• an 8-bit connection;
    • a clean connection;
    • big buffers all along the communication path;
    • physical-link-layer flow control.

    (although Kermit does not require any of these conditions, it can take advantage of them when they are available). A feature article on Kermit protocol by Tim Kientzle in the February 1996 issue of Dr. Dobb's Journal [ddj.com] noted that "Kermit's windowing approach is faster than protocols such as XModem and YModem . . . What many people don't realize is that under less-than-ideal conditions, Kermit's windowing approach is significantly faster than ZModem, a protocol with a well-deserved reputation for fast transfers over good-quality lines."

    Thus Kermit transfers work "out of the box" almost every time.

  • Kermit is a program! (Score:5, Informative)

    by Furry Ice (136126) on Wednesday December 10, 2003 @05:27PM (#7684403)
    The author of the article has a very nice grasp of what Kermit is. It's not just a protocol, but a program complete with scripting capabilities, modem dialing, transfers using several protocols (including Kermit of course). It can even do TCP transfers now. It's a great program, but it's a little hard to use and mostly surpassed by simpler tools now. Still, I needed to use it a few years ago to automate modem uploads to a mainframe.
  • Erm (Score:0, Informative)

    by kuzb (724081) on Wednesday December 10, 2003 @05:30PM (#7684445)
    No, kermit was indeed not spurned to use ZModem.

    Many other protocols existed between Kermit and Zmodem that made Kermit obsolete long before.

    How about XModem? Or YModem? There protocols are both post Kermit and pre ZModem. Kermit was a 7 bit protocol (only capable of uppercase characters) which is why something as simple as XModem could replace it. Not to mention, XModem had extra error checking.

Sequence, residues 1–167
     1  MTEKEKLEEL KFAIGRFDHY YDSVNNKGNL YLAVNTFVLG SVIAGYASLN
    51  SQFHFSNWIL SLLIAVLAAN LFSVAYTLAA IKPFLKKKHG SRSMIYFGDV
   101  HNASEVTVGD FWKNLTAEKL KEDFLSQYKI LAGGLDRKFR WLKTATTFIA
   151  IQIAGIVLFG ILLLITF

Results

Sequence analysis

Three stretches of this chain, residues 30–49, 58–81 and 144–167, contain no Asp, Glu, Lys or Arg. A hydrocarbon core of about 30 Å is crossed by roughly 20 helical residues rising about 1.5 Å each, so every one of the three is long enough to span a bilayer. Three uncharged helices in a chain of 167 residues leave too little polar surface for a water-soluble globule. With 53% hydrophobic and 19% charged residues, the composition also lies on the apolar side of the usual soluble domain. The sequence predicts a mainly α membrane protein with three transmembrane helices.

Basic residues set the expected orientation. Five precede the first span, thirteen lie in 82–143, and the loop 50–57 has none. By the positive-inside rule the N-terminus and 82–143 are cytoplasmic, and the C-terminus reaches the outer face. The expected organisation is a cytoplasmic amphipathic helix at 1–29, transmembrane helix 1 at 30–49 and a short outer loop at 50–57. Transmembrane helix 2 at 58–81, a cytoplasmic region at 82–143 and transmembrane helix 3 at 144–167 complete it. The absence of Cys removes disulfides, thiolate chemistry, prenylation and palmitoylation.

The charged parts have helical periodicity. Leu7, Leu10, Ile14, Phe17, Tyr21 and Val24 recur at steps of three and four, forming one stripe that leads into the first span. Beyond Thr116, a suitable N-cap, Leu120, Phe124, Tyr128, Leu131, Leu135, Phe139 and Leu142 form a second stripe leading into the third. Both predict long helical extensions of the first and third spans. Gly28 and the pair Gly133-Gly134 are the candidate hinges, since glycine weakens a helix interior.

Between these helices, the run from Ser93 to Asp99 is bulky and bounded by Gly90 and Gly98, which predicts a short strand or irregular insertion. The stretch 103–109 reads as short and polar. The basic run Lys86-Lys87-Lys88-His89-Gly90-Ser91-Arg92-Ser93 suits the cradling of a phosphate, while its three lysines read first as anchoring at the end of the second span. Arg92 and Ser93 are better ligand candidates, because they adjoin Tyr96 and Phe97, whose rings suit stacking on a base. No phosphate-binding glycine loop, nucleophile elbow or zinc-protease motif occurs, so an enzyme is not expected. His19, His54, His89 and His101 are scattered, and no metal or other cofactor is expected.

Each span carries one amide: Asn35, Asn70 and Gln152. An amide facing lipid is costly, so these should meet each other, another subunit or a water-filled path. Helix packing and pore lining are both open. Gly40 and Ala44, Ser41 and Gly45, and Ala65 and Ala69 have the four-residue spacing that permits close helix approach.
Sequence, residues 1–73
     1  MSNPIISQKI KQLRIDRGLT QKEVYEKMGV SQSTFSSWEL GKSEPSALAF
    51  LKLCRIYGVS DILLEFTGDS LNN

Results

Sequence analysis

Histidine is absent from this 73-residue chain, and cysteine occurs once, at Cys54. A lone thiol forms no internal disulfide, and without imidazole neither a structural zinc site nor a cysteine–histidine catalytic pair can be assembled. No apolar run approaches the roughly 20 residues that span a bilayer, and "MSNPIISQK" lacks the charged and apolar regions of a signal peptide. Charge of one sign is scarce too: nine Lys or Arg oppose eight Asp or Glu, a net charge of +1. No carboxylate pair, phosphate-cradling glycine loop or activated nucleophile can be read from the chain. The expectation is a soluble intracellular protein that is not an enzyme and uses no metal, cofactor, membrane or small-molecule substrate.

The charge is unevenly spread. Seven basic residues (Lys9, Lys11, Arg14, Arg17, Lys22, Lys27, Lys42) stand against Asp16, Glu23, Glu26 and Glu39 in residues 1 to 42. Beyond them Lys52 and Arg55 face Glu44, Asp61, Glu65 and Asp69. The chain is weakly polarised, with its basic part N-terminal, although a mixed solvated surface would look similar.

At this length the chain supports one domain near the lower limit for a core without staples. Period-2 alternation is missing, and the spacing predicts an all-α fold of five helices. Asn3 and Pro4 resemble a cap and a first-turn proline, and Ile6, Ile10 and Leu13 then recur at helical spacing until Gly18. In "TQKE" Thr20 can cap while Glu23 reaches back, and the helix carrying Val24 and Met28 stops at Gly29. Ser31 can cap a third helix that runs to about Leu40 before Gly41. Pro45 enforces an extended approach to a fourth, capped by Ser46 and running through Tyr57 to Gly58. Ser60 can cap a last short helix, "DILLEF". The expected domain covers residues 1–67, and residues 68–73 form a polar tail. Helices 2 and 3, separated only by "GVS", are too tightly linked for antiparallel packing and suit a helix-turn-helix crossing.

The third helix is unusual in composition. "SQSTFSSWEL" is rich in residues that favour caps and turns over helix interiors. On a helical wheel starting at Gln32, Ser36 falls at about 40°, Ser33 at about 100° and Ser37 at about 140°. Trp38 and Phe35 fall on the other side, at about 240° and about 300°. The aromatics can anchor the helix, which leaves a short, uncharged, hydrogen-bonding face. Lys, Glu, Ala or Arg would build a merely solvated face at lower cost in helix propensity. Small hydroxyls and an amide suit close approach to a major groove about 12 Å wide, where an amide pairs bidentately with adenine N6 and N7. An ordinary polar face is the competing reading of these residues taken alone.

• PIGS (Score:4, Informative)

    by ENOENT (25325) on Wednesday December 10, 2003 @05:33PM (#7684478) Homepage Journal
    That is all.

  • by HazMat (29849) on Wednesday December 10, 2003 @05:41PM (#7684562)
    Kermit is much more than a file transfer protocol.

    Besides Serial communication, it can handle many network protocols: FTP, Telnet, HTTP, SSH to name a few. It can use the telnet comm control, to handle network attached modems. It has a macro/programming language. For those jobs where one needs to recognize success or failure of a transfer, this is a boon.

    And in the Windows version it has a large number of terminal emulations.

    Just a satisfied customer.
  • by LuckyStarr (12445) on Wednesday December 10, 2003 @08:21PM (#7685848)
    Kermit is NOT comparable to Zmodem.

    It CAN be used as a silly filetransfer-protocol but it is more. It is in fact a fully fledged file-transfer suite, including things like recursive directory transfer, preservation of filepermissions, filedate, scripted transfers, etc. and back on the BBS Days only a small part of Kermit was used.

    For DOS BBSs Zmodem or even better, Hydra (you could chat while transfering many files in both directions!) were much better.